In fact, in addition to the Charlottesville and Northern Virginia locations, the D'Aniellos have opened franchises in Maryland, Washington D.C., and Boston, and D'Aniello says they're going nationwide.

"There's not a city in America where people like picking up dog poop," he laughs.

Equipped with rakes, shovels, and bags, a Doody Calls scooper arrives at your home or business at specified intervals– once or twice a week is typical. D'Aniello says they'll coordinate schedules with other lawn services so that your mowers can enjoy a clean-shoed experience.

And though the job isn't one most people dream of as children, D'Aniello says patrolling yards has its charms– including making many new four-legged friends.

"We have low turnover," he says.

To have your yard cleared of yard grenades, check doodycalls.com.
We listed the wrong number for Doody Calls in our print publication. It has been corrected in this online edition–editor.

Henry Weinschenk of Prontowash

Stop and shop (and wash)

Company: Prontowash

Owner: Henry Weinschenk

434-566-2156 Prontowash.com

Too busy to wash your car? Perhaps. Too busy to check out the latest sale at J. Crew? Perhaps not?

If this applies to you, then Prontowash– a mobile car washing business at Fashion Square Mall– may be just the ticket.

The company is already international– and particularly popular in South America. Henry Weinschenk, owner of Express Car Wash on 29 North, says he knew a good thing when he saw it and realized there was nothing like it in Virginia.

He purchased a franchise and placed five mobile units– which he calls "eggies," thanks to their shape– in an area of the Fashion Square Parking lot between J.C. Penney and Belk.

Busy shoppers drive up, leave their car with the Prontowashers, do their shopping, and come back to a sparkling ride– cleaned without any water!

In fact, it was Weinschenk's difficulties during the drought in 2003 that led him to see the potential of Prontowash, which uses a special lotion for everything from exterior washing to shampooing carpets and seats.

No appointment is necessary, and prices range from $19.50 for an exterior wash up to $125 for a full detailing.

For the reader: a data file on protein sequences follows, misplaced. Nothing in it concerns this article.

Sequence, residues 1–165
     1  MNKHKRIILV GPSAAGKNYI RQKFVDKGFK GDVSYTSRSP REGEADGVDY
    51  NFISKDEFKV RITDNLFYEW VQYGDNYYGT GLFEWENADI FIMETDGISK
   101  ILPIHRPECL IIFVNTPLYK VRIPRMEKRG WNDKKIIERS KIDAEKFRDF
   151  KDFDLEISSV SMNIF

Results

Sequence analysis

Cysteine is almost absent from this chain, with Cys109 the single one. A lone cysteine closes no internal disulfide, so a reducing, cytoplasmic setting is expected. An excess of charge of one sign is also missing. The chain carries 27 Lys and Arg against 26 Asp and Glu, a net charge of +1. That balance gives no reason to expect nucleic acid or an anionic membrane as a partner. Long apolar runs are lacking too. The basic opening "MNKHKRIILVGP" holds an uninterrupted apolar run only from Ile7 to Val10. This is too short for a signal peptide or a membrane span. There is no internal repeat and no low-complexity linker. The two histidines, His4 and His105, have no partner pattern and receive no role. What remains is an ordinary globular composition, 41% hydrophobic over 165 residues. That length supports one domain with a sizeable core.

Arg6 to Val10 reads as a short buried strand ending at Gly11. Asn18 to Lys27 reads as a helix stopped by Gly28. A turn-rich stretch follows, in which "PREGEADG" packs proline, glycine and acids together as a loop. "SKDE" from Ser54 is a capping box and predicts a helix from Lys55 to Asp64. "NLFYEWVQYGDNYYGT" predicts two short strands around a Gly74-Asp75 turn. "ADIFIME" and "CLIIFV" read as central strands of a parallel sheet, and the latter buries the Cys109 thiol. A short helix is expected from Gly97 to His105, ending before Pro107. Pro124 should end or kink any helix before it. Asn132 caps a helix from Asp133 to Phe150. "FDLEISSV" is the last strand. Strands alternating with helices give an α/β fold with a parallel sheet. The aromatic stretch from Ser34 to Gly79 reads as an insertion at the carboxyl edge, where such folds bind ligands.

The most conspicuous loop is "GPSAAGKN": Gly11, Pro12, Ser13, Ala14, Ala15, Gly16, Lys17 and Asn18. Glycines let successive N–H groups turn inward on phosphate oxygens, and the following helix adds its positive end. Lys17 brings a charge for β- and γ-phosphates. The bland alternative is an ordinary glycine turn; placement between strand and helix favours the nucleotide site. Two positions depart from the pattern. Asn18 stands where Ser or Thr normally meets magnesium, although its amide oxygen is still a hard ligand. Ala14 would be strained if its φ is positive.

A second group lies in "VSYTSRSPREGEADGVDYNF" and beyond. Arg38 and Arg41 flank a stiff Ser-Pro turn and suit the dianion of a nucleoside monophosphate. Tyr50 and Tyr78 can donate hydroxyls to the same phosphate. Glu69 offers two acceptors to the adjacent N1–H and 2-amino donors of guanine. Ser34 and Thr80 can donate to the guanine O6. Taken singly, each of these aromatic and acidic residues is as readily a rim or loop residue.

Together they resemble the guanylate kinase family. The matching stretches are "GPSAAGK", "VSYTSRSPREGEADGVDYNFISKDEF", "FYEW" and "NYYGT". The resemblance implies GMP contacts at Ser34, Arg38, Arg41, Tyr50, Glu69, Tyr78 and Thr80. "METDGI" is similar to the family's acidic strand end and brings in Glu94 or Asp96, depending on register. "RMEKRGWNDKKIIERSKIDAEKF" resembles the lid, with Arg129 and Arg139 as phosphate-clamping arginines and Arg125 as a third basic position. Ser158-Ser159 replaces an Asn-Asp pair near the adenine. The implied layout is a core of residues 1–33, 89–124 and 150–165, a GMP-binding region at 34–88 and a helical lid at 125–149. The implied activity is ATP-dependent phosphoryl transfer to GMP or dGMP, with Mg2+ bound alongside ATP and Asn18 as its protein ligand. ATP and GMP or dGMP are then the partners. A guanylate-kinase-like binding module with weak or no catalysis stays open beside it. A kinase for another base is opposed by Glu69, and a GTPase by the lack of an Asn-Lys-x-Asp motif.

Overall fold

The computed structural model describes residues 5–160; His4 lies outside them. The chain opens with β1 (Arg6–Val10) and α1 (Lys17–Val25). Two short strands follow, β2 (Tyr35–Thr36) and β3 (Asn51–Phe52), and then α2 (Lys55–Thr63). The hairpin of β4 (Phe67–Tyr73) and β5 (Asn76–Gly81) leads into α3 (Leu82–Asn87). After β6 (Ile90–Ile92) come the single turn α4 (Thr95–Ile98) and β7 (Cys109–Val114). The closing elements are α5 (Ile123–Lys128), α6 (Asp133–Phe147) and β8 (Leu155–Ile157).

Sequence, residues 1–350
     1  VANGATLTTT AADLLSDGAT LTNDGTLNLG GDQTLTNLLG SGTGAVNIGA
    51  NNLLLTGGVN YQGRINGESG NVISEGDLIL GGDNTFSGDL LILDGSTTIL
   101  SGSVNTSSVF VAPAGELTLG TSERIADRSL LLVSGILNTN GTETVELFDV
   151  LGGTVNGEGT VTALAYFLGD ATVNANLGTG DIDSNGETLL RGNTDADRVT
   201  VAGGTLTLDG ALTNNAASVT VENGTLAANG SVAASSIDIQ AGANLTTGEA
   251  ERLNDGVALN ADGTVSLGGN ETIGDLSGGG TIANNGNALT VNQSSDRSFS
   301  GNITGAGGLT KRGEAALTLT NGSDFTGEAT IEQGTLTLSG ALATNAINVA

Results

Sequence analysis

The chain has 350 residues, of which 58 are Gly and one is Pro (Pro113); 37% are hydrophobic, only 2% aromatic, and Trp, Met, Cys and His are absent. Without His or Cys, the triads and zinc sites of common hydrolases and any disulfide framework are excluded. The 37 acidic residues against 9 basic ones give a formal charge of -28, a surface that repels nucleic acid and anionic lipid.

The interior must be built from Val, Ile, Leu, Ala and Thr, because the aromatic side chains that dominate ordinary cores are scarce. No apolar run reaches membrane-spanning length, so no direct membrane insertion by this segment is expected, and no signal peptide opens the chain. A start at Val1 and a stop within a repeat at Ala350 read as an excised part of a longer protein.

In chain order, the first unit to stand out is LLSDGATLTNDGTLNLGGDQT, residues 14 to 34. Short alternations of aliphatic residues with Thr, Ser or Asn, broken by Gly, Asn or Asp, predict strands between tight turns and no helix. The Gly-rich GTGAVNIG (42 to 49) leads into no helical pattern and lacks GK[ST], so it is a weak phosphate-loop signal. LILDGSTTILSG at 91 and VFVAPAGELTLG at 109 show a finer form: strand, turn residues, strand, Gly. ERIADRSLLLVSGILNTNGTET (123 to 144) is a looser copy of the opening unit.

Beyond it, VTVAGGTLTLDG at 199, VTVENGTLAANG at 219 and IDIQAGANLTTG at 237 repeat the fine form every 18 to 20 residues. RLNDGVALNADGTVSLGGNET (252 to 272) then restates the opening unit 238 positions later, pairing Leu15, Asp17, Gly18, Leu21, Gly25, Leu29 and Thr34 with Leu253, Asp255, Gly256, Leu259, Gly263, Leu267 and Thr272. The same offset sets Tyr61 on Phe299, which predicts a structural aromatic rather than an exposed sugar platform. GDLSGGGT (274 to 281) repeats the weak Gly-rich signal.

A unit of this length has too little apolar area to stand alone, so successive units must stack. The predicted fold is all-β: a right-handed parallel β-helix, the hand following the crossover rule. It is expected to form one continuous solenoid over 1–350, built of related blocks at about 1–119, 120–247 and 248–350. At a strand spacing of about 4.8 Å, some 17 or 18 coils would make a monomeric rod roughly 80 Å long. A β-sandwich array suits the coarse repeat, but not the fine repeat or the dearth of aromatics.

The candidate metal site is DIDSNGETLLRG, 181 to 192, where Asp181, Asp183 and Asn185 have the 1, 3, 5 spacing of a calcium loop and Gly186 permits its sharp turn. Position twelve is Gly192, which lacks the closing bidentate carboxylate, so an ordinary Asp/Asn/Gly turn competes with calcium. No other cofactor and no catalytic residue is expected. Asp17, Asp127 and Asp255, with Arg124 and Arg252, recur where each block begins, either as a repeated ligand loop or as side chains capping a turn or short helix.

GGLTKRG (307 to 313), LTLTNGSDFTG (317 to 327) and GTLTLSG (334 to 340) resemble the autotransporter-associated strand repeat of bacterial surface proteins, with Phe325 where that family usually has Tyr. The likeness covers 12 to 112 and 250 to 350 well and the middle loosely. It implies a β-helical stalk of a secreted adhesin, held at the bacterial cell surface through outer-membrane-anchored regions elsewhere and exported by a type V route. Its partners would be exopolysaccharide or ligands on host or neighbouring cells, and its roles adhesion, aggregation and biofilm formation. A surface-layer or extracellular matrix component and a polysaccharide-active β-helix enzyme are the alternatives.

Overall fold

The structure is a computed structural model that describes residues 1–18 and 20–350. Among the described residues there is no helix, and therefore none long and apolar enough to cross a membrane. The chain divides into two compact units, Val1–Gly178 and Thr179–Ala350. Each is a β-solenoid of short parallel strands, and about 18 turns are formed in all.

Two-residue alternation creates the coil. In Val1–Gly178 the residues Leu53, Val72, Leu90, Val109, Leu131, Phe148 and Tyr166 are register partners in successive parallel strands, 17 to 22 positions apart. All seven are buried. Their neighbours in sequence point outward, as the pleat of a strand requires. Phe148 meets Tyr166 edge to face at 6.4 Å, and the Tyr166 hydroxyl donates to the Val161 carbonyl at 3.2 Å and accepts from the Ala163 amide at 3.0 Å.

Lawless Barrientos and Teresa Johnson of My Cooking Secret

Kitchen trick

Company: My Cooking Secret

Owners: Teresa Johnson and Lawless Barrientos

466- 9762, Mycookingsecret.com, info@mycookingsecret

Hosting a dinner party can be a daunting undertaking, and indeed many would-be hosts and hostesses choose to have their affairs catered to avoid the exhausting prep and clean-up that cooking for a large number entails. But for those who love the idea of impressing guests with their culinary prowess without spending hours shopping and chopping, My Cooking Secret could be the answer.

"All the time-consuming meal preparation has been done for you," says Teresa Johnson, who started the business with Lawless Barrientos this past spring.

Each month there's a new menu featuring gourmet delicacies such as pork filets with a dark cherry sauce, or pan-fried tuna with black bean salsa– as well as side dishes and more casual family fare such as grilled Dixie chicken with lime butter. When an order is placed, Johnson and Barrientos get to work so that at the appointed time, all the ingredients– and directions on how to prepare them– are ready for drop-off (or pick-up).

Johnson says the service is ideal for parties, but is also convenient for busy families looking to spend more time enjoying their meals and less time frantically preparing them.

The minimum cost for a family entree (serving six) is about $15, with the gourmet selections (serving four) ranging up to $60. Johnson says orders should be made at least 48 hours in advance, and there's a $10 fee for delivery.


and Client Debbie Patashnik and Michelle Bushrow, owner of Pilates 4 U

Stretch it

Company: Pilates 4 U

Owner: Michelle Bushrow

295-0300, Pilates4u.net

Helping busy people stay in shape is the name of the game for Michelle Bushrow, who started her traveling Pilates business two years ago after working as a personal trainer for 13 years. Bushrow discovered Pilates– an offshoot of yoga that works deep muscles– eight years ago. But as a self-described "cardio queen," she didn't get serious about it until four years ago, when she made it the primary focus of her own strength training workouts.

These days Bushrow brings Pilates to homes and businesses all over town. She offers individual Pilates sessions for between $40 and $50 an hour, but the bread and butter of her business is group classes, which can be taught at a home or office and cost $12-$14 per person.

Companies have responded enthusiastically, she says, since the workout means employees "don't have to leave their workplace, and they minimize travel time." Plus, "They don't sweat profusely, so they can go right back to work."

Her typical client is someone whose schedule conflicts with classes at the gym, but Bushrow says Pilates is perfect for everyone from novices to athletes.

And for those with injuries, Bushrow points out she's gone through advanced Pilates training so she knows what– and what not– to do.

"A lot of doctors," she says, "recommend that people with back problems and pain do Pilates.